As of latest reports, 652 people have died and 808 are still missing after the typhoon struck last weekend. The effects of climate change have been blamed for the increasing severity of typhoon impacts in the Philippines, as reports from Iligan have indicated that even areas never flooded in the past were inundated by flashfloods. Climate Change Secretary Mary Anne Lucille Sering said before that recent typhoons Pedring and Quiel left P15 billion ($348 million) in agricultural and infrastructural damage and demonstrated the effects of climate change in the Philippines.
“The government shifted the blame game on climate change, but it hasn’t even lifted a finger to address the current environmental crisis brought about by flawed policies and programs,” Bautista said.
Bautista said despite Aquino’s recent signing of the National Climate Change Action Plan (NCCAP), anti-environment laws such as the Mining Act of 1995 and the Forestry Code of 1975 are still in place. Mining corporations have been exempted from EO 23’s total log ban. The budget for disaster preparedness has even been vetoed and cut.
Kalikasan supported Kabataan Partylist Rep. Raymond Palatino’s call for Pres. Aquino to reverse his veto of the P5 billion budget for calamity preparedness in the 2011 budget. Bautista noted that the lack of response from both the community and the government can be linked to the lack of pre-disaster preparedness activities such as education and training for citizens and disaster personnel.
“If the citizens’ lack of preparedness was the problem, why did Aquino cut the the budget for disaster preparedness? Poverty is a key function of climate vulnerability, but why do we have budget cuts on education, health care and other social services while the allocations on debt servicing, military and the ineffective Conditional Cash Transfer program get bloated?” Bautista pointed out.
“While Pres. Aquino enjoys a Christmas party, the vast majority of his constituents remain mired in poverty, which is the largest factor why people remain doubly vulnerable to disasters. This insensitivity to the plight of the poor is manifested in our country’s climate action plan and development policies which prioritize the profit interests of the market instead of the poor’s welfare. Aquino must quit his empty climate rhetoric and get some actual work done in addressing realities on the ground, such as poverty, disaster-unpreparedness, and ecological destruction.”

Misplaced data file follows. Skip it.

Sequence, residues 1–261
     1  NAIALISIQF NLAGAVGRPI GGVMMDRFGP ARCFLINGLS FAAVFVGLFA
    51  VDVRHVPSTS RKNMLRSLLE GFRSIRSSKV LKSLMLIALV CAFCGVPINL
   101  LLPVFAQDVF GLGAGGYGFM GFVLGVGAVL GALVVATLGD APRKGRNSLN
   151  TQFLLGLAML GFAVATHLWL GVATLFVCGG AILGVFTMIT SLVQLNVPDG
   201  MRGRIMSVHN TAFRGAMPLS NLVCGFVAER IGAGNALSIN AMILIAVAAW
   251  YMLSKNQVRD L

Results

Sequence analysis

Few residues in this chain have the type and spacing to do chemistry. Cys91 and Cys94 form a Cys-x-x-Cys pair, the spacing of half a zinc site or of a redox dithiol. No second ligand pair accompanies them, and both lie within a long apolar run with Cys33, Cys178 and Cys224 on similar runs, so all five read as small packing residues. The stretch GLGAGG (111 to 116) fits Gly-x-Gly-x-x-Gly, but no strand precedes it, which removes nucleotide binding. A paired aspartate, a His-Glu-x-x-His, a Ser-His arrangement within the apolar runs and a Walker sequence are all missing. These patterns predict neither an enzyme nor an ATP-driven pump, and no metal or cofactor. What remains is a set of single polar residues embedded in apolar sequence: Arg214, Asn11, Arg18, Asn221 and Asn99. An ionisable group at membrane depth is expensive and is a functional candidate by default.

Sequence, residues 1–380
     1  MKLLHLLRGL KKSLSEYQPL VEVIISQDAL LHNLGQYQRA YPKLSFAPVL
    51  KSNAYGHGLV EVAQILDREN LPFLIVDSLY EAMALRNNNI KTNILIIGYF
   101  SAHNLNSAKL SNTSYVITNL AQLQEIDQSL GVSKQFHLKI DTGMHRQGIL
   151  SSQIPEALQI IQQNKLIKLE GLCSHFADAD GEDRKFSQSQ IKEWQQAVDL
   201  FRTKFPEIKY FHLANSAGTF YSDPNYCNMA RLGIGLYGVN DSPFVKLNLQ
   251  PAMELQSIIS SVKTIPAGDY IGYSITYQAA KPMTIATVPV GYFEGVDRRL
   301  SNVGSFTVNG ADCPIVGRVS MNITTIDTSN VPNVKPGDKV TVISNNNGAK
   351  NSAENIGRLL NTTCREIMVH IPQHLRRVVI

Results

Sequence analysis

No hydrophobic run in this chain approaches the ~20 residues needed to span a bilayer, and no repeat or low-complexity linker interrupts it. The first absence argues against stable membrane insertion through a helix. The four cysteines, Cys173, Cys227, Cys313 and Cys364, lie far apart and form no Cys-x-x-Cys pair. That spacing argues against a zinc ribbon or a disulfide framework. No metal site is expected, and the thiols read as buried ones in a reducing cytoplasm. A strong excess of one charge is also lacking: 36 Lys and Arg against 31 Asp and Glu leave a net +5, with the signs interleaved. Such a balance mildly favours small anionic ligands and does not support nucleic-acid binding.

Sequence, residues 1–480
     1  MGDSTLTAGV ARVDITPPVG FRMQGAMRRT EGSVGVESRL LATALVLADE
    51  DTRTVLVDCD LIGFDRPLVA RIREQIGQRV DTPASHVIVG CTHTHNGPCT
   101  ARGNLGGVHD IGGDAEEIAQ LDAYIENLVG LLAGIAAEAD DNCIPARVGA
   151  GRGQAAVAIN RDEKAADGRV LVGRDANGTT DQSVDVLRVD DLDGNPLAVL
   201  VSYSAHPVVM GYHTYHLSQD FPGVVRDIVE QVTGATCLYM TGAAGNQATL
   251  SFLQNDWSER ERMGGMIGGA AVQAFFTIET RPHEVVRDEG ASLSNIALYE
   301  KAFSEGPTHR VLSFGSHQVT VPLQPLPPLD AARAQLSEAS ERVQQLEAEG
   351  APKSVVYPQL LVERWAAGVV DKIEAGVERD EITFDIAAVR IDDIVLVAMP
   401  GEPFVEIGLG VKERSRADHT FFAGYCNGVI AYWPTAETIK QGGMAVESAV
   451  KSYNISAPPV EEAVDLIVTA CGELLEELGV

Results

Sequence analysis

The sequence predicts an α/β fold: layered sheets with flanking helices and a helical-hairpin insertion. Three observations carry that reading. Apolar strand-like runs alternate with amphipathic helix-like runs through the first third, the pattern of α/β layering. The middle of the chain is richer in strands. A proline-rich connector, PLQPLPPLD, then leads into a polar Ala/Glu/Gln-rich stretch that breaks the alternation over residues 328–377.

Makabayan’s spokeswoman Liza Maza also blasted Malacañang for being caught flat-footed by the calamity.
“The residents attest that they were not forewarned and ordered to evacuate. Why should Malacañang blame them for being hard-headed? Aquino fired Dr. Prisco Nilo, then weather bureau chief, for inaccurate advice about typhoon Basyang last year. That typhoon killed 76. Whose head will be on the chopping block with a death toll of more than 600?,” she said.
Maza said the devastation wrought by typhoon Sendong is mostly man-made.
” In Northeast Mindanao alone, there are 54 existing Mineral Production Sharing Agreements (MPSA) covering 125,670 hectares and 36 more applications for an additional 91,429 hectares as of June this year. Pres. Aquino even exempted mining companies from the existing total log ban this year. He should be made accountable for the mass destruction left after the typhoon,” Maza said.
She said the Sendong death toll is more than enough reason for the Aquino government to junk the Mining Act of 1995 and the Mining Revitalization Program.
She also pointed out that mining and logging accounted for the contamination of potable water sources, poisoning of the air and soil, heavy siltation of coastlines and rivers, degradation of fishing grounds, destruction of habitats and decrease in biodiversity and other long-term impact on the human and ecological environment.
The Kilusang Mayo Uno (KMU) also expressed resentment against the government for trying to pass the blame.
We reject the attempt of the NRRC’s Undersecretary Ramos to lay the blame on the people of Visayas and Mindanao. Given the extent of the devastation – an estimated 600 dead and entire communities washed away – it is clear that mere warnings are not enough. The government’s capacity for prompt evacuation, and the soundness of its disaster preparedness plan, are put into question,” said KMU secretary-general Roger Soluta.
Soluta said that given the changing weather patterns in the world due to climate change, the government should have beefed up its disaster preparedness.
“In recent months, President Aquino used disaster preparedness as an excuse for beefing up the country’s military strength. It is now clear that the allotment of bigger and bigger resources to the military does not enable it to respond to a strong typhoon like Sendong,” he said.